So today I thought I’d make some hot cocoa mix with powdered coconut milk. What could possibly go wrong? I threw some in my Vitamix (aka Greased Lightning) along with cocoa powder, sugar, salt, cayenne, and cinnamon. I wanted a powder in which the ingredients were finely ground and fully incorporated so they’d dissolve well in water.

Fully aware of the fat (and moisture) content of the coconut powder, as well as the power of the Vitamix, I’m not sure why I expected to end up with a light, fluffy, powdery instant hot cocoa mix. Instead I got something that looked like it should be buried in a cathole. I mean a lovely, rich, thick hot chocolate paste/concentrate. Or a delightful toast topping (the boyfriend’s idea).IMG_2466 It turns out that when you put powdered coconut milk into a high-speed blender you get coconut butter. Valuable knowledge for the future but not what I was going for today. I’m not sharing a picture with you for what should be obvious reasons. But I am sharing a picture of the hot chocolate even though it looks like every cup of hot chocolate you’ve ever consumed. Don’t get me wrong — it’s really good hot chocolate. It’s just not going to be very convenient on the trail.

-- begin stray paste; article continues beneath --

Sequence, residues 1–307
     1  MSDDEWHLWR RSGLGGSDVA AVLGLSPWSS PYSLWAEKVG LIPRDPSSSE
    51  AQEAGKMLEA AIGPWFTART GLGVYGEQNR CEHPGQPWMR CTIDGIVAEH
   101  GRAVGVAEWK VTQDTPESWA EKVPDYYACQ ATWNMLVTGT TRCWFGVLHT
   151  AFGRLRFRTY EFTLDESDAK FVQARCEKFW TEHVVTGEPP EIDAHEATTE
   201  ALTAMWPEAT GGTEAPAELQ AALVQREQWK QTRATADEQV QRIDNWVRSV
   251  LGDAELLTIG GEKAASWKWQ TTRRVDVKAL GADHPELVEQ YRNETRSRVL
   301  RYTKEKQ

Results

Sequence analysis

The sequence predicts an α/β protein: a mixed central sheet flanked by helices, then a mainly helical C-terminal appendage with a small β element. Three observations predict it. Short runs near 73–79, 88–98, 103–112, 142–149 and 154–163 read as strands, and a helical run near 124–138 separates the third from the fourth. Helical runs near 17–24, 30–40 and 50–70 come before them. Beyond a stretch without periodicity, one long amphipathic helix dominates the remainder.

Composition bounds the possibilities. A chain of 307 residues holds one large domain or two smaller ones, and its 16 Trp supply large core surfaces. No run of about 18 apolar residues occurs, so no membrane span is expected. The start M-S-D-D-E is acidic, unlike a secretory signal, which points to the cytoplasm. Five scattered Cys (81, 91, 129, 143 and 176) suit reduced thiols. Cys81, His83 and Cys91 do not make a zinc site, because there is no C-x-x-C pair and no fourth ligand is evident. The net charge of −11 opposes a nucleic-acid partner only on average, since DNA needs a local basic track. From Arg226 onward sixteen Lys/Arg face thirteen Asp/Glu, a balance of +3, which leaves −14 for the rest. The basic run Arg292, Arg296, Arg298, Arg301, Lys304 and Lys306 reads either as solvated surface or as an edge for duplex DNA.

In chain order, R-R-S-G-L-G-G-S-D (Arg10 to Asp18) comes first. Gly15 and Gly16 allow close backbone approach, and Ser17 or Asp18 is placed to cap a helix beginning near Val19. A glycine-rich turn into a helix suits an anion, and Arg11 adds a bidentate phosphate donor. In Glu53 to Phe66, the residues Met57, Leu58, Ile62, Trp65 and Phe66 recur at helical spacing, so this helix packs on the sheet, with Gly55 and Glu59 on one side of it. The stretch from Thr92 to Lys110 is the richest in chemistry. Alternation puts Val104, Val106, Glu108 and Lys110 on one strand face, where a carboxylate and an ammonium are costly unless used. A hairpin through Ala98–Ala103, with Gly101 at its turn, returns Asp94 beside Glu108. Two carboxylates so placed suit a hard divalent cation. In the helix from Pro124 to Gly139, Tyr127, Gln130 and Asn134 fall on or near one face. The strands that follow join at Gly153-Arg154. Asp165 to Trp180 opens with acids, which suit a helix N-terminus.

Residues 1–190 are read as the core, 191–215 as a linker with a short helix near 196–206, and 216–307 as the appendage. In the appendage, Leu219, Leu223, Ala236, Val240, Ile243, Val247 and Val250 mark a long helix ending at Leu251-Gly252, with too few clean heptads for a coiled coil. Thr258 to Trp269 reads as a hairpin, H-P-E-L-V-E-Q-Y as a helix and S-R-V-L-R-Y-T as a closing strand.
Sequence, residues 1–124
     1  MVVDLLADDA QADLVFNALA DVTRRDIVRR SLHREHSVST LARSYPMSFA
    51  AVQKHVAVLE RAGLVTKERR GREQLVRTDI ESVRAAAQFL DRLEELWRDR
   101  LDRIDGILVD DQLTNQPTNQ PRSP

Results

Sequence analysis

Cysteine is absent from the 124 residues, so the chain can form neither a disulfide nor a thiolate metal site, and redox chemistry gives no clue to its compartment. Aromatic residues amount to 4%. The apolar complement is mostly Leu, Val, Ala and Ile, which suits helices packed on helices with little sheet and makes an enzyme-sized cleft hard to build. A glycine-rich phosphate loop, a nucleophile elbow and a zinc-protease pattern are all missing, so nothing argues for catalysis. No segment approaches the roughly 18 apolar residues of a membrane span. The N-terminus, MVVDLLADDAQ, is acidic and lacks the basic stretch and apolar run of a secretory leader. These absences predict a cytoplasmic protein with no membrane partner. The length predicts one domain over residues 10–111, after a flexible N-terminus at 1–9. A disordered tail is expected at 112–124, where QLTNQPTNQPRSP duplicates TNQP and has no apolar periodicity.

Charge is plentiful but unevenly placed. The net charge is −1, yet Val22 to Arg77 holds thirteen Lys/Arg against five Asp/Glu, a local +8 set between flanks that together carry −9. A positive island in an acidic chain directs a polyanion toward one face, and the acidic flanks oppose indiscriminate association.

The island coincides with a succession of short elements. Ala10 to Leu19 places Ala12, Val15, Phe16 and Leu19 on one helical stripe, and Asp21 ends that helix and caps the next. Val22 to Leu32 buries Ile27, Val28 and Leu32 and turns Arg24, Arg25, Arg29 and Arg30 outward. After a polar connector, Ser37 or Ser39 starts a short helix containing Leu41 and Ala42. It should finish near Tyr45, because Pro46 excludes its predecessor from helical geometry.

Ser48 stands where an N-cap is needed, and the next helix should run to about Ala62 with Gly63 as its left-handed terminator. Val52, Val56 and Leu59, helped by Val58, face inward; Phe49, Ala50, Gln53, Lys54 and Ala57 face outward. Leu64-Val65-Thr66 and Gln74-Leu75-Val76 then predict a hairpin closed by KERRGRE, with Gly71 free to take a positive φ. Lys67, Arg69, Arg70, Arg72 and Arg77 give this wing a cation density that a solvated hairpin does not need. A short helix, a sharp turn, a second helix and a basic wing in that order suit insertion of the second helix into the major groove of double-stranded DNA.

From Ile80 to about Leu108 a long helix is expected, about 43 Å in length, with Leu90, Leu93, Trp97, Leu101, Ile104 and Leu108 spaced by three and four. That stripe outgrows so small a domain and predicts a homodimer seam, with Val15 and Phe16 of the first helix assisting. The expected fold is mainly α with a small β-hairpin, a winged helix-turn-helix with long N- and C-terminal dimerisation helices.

Next time I’ll try it with powdered soy. It shouldn’t turn to paste in the blender but should get ground finely enough to not be so gritty. Or maybe I’ll try the food processor instead of the blender. I’m also planning on trying a “cappuccino” mix — something we can just throw into some hot water instead of carrying coffee, sugar, and creamer as separate components. I’ll let you know how that all turns out.

 

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The Power of the Written Word

I. Love. Books. Fiction, non-fiction, travel, adventure, sci-fi, food, fitness, and the list goes on… the printed word has always been incredibly important to me. My mother taught me to read before I was four and I never looked back. Never have I been so influenced, so enraptured, so utterly hopelessly completely in love with a book, though, as I am with my “Little House” books by Laura Ingalls Wilder. I have had this set of books for almost as long as I can remember and I have read them countless times through.